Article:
We posed for photos after my show and then I sat with everyone remaining, allowing others to play on my guitar when what I needed most at that point was sleep. There lied the problem: the guy who booked me then all of a sudden couldn't take me back to Instanbul some 125 miles away because "something else came up" for him, and he was going to pack me off on a 5am bus to the airport instead. Thankfully, a more honourable friend of his who had enjoyed my set agreed to take me there instead, but with two hours until we had to leave town, I dared not sleep lest I missed my ride. Before we departed Mahzen though, the owner sat me down and through an interpreter told me how he'd wire me the money later, and also that he wished to have my address so that he could send my wife and I some wine to our home as she had not been able to join me on this trip. I had no reason to doubt him nor his generosity. The downside to my only way of getting back to İstanbul was that I was ridiculously early for my flight and couldn't get flight-side at the airport for some time to follow, but I got there at least and slowly began to make my way back to the UK.



What happened next is something that everyone at Mahzen knew: I was moving to the States. When I asked for an update on my money 30 days on from my gig in Turkey, what should have been a simple matter then turned into a six-month back and forth of lies and deception from their end. I was asked for additional banking details and so forth, which I promptly provided, and I was due to finally get reimbursed for my Turkish trip two months late, but better than never I thought. Then, the money never came through. Then the excuses began about the state of the Turkish economy. Then the guy promised me another guaranteed date of payment, then failed to deliver once again. All the while I was insulted to see my allegedly financially stricken debtor's family posting photos from their summer vacations via the powers of social media.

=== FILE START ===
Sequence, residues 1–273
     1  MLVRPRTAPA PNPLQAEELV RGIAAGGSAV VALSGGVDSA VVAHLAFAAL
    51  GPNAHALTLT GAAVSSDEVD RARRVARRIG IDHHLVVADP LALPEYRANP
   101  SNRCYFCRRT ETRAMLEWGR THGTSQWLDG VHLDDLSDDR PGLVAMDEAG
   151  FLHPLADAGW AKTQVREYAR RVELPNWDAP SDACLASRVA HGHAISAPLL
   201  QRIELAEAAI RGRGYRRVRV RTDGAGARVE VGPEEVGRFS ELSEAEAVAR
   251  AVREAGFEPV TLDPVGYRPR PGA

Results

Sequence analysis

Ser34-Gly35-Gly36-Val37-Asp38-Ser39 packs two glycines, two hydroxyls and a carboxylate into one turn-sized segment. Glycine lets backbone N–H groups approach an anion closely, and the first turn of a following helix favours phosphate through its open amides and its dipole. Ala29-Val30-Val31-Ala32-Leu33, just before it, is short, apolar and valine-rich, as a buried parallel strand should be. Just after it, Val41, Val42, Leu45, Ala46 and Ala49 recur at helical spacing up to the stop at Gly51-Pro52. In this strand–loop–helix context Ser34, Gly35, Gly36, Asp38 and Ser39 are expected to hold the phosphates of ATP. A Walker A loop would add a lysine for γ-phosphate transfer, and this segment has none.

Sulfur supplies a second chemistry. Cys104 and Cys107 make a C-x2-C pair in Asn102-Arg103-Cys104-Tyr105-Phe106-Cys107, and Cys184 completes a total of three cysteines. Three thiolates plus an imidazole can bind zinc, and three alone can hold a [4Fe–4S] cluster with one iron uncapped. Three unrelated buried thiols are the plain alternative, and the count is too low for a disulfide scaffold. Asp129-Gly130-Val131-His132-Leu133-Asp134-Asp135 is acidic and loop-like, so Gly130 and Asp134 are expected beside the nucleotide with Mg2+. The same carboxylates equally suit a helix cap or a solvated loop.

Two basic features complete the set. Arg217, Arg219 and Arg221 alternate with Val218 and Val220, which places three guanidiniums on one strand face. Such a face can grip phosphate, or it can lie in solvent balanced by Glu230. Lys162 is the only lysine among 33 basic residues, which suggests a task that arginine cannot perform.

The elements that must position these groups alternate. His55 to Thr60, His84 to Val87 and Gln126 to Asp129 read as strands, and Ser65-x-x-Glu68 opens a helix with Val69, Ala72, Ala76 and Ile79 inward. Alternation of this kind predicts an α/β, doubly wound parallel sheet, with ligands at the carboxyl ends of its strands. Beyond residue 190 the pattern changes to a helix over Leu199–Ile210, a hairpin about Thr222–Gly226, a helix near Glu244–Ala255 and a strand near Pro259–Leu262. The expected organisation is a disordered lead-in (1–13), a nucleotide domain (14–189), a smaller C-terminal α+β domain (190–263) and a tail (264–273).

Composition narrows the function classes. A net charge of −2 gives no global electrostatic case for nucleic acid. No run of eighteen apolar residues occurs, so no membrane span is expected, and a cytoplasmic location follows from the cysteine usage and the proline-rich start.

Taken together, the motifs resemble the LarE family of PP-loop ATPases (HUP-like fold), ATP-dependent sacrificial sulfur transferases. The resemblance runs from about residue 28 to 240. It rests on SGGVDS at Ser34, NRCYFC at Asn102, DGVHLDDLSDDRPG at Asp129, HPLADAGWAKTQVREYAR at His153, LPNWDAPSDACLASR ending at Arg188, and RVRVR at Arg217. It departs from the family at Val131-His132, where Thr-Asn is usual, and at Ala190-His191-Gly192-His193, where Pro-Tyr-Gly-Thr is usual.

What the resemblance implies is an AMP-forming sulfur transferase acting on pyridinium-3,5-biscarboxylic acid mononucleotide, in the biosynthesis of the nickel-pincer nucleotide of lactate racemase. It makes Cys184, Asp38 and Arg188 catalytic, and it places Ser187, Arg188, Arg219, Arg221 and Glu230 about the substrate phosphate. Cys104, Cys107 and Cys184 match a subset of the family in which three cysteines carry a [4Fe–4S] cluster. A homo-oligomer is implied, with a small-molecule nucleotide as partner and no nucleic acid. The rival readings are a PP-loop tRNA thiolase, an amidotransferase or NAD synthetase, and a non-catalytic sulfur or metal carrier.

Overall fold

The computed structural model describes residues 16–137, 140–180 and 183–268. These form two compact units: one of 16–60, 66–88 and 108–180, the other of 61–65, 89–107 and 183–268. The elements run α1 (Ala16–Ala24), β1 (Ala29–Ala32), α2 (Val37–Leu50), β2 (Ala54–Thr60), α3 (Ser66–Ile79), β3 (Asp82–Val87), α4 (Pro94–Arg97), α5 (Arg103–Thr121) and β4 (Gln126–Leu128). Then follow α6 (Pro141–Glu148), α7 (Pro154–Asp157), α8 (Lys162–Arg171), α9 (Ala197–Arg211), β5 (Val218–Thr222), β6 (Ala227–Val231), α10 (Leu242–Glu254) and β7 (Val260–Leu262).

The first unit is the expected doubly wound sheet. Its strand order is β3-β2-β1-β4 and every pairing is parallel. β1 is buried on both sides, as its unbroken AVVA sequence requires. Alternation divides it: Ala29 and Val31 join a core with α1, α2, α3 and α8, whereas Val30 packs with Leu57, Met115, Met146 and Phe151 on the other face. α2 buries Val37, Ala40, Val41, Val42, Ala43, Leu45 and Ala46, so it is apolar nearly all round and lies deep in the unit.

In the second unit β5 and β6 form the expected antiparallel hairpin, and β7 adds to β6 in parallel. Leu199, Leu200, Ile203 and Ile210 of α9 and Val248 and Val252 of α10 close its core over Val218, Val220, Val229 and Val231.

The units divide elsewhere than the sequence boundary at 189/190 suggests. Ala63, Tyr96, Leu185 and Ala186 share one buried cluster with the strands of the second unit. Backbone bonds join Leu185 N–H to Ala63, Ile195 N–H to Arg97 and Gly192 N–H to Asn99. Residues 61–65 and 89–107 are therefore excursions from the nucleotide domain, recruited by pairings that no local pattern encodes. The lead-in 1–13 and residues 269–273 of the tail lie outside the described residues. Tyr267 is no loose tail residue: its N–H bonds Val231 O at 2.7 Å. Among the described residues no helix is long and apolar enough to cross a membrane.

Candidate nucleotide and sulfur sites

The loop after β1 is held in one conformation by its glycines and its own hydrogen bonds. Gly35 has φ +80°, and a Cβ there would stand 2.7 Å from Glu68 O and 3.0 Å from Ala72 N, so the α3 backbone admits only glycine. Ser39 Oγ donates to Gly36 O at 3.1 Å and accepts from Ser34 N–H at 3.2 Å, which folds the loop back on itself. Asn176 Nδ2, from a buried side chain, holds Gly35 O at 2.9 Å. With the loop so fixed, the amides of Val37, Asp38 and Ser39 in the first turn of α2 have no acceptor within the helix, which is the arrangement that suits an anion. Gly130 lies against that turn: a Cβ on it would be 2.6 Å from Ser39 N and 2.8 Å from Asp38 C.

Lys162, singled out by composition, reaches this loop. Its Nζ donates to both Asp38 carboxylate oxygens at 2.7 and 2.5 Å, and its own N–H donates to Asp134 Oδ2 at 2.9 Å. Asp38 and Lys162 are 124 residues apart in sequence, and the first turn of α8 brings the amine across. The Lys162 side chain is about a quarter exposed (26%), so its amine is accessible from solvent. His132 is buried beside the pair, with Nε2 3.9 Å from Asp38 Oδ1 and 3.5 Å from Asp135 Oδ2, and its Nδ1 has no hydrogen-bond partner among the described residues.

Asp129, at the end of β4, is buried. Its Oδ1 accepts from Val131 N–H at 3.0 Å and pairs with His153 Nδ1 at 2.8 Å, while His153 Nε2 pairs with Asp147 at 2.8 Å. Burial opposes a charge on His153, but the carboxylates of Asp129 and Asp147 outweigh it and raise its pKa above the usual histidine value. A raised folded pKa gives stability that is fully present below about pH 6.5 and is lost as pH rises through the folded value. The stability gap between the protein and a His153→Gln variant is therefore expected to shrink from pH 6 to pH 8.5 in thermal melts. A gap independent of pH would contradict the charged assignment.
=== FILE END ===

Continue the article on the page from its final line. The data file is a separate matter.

Following my trip to Egypt later in the week of my Mahzen show I had gotten some sort of gastric flu, which although caught in Africa, was not helped I feel by the fact that I had physically exhausted my immune system and I by taking on so much by playing on the verge of 3 continents in the space of 10 days on that part of my tour. Skip forward a few months, and like anyone starting out a new life in a new continent, I was totally wiped out of money in the beginning and had to borrow money to survive at first. Now that owed Turkish money was the difference between me being able to afford to eat or not, and I told my debtor exactly this. I was offered excuses and then eventually just ignored, all the while receiving Thumbs Up on Facebook and the like by him, his family and team as if that were compensation for this man's crime, because make no mistake, the owner of Mahzen is a thief. In the end I had to write off the expense in my head for my own peace of mind, but I share this story today as a warning to my fellow working musicians out there. I played countless shows across 11 countries last year, and this man was the ONLY one out of all of them who did not pay me as agreed for my services.


Would you ask a plumber to travel 4,000 miles to come and fix your sink at their own cost, and then not pay them back for their most basic expenses when they come and do it against the odds? If not, then DON’T TREAT MUSICIANS THAT WAY.


No one should ever be made to feel like a fool for thinking the best of people, nor for doing that which they love, but when you are cheated like I was at Mahzen then it is hard not to feel this way. My once good memories from that trip have now all been tarnished, and people like that man who stole my hard-earned money don't actually promote live music; they are the death of the song.


Stay safe out there, guys as there are sharks in the water.


With love, Baz Francis Duarte.


All content © Über Rock. Not to be reproduced in part or in whole without the express written permission of Über Rock.